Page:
David Cameron urges teachers to do more on apprenticeships
British businesses are being deprived of apprentices because university-educated teachers fail to recommend them to pupils, David Cameron has suggested.
The Prime Minister expressed frustration that the apprentices he meets rarely say they heard about the opportunity through school rather than online or via word of mouth.
Mr Cameron pointed to the proportion of teachers who took A-levels and applied for higher education to explain why there not enough teenagers were considering picking in-work training over university.
It comes after Sir Michael Wilshaw, the Ofsted chief inspector, pledged to toughen penalties against schools which failed to provide adequate careers advice for pupils.
The Conservatives have promised to create three million more apprenticeships over the next parliament if re-elected in May.
Speaking to Rolls-Royce workers at a factory in West Sussex, Mr Cameron said the Coalition had improved job prospects for apprentices but called for more to be done.
“There are good things happening, but I think there are a couple of areas we still need to get right. One is the careers advice we give to people in schools.
“So often when I meet apprentices and I ask ‘how did you hear about the apprenticeships’ they say ‘well, I found it online’ or ‘I knew a family friend’ or ‘I knew the business because it was nearby’.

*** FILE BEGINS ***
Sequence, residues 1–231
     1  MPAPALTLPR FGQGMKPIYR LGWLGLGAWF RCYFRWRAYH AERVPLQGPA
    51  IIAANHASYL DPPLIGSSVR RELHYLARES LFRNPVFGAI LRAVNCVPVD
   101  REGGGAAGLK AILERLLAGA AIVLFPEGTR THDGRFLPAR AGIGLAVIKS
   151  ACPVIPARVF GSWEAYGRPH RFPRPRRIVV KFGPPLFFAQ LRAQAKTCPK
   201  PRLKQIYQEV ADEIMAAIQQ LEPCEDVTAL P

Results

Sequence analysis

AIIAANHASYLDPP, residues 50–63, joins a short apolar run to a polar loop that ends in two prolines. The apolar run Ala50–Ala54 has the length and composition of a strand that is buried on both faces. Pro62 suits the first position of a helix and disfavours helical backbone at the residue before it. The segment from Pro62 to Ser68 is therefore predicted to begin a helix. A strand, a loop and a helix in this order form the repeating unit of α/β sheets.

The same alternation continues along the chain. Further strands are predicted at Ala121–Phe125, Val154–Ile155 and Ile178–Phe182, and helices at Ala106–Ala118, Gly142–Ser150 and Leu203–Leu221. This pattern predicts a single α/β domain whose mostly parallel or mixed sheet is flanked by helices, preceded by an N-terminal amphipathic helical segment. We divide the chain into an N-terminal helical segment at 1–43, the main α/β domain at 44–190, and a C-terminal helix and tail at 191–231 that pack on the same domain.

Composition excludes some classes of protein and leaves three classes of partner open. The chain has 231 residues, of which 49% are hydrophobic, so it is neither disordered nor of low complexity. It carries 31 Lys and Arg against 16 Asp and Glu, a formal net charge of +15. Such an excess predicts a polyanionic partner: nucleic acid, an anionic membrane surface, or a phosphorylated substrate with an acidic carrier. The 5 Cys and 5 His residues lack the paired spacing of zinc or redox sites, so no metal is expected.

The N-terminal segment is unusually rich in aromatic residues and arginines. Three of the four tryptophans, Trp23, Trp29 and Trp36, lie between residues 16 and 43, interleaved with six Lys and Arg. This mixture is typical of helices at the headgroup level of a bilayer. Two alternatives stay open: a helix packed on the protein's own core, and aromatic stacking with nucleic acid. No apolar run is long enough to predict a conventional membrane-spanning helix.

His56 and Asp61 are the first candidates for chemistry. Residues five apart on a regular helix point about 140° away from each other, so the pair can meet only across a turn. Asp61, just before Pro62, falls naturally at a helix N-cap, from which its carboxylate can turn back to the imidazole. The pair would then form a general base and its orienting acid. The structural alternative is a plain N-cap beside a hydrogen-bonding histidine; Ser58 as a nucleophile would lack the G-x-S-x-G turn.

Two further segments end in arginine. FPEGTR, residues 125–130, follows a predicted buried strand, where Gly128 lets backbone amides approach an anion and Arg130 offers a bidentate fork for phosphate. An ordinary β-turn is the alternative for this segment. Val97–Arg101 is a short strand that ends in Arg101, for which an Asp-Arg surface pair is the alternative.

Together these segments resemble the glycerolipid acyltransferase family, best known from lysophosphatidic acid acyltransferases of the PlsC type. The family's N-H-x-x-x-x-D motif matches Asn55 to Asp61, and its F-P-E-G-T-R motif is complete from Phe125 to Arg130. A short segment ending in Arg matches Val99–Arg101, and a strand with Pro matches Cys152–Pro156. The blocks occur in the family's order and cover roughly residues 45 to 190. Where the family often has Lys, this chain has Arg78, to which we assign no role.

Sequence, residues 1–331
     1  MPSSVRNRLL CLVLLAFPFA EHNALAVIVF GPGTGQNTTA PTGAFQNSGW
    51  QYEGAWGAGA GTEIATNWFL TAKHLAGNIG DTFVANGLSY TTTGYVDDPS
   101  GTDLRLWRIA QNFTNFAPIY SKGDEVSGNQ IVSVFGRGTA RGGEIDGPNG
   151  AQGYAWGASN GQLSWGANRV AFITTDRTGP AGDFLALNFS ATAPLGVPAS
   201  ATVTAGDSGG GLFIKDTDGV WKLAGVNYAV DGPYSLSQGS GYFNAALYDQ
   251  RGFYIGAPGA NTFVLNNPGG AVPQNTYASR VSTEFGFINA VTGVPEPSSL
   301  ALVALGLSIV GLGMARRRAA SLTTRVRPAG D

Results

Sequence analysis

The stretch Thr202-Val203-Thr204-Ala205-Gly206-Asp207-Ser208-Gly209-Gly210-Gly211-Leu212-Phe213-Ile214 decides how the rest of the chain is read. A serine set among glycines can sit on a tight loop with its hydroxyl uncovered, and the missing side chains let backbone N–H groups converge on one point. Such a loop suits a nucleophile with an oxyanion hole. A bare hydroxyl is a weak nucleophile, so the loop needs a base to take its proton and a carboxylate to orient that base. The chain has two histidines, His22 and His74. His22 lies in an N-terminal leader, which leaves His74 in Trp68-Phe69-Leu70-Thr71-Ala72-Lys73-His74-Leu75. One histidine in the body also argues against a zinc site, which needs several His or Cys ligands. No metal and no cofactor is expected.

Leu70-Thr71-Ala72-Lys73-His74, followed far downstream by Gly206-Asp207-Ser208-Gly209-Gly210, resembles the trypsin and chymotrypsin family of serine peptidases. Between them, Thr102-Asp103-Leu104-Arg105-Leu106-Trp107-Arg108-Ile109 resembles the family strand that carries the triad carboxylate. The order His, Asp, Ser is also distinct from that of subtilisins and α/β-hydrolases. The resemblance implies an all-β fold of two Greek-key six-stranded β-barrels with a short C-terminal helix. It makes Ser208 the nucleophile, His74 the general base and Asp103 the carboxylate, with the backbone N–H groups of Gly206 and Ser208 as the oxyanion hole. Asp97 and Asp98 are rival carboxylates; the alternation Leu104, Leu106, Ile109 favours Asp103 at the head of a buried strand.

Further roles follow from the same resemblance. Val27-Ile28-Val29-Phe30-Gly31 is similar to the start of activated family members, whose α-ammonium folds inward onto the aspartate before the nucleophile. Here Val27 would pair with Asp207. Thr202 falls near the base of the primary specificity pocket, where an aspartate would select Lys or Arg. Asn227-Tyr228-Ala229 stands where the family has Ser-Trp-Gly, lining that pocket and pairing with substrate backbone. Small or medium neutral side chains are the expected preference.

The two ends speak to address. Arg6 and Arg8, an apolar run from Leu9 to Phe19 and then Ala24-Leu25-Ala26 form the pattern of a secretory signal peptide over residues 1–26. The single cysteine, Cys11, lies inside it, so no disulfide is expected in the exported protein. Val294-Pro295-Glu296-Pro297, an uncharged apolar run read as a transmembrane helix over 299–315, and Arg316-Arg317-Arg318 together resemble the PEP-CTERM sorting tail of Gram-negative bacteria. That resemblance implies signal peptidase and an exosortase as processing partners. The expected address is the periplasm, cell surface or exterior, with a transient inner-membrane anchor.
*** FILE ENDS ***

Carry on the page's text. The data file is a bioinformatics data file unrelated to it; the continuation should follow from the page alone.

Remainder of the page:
“I don’t get the answer enough: ‘I was told at school about the apprenticeship pathways as well as the university pathway.'”
He continued: “You need to explain both to people. This is not a criticism of teachers but most teachers did A-levels, filled out a Ucas form, went to university. They are very familiar with that path and we need to make sure the careers advice in schools offers both the pathways.”
The Prime Minister said children considering apprenticeships should know they could earn more money quicker than those who spend three years at university before entering the job.
He pledged to publish data on the job prospects and likely salary for each university, academic course and apprenticeship to help guide teenagers’ decision on further education.
“Lets make this information available, lets make sure young people know the choices are,” Mr Cameron said.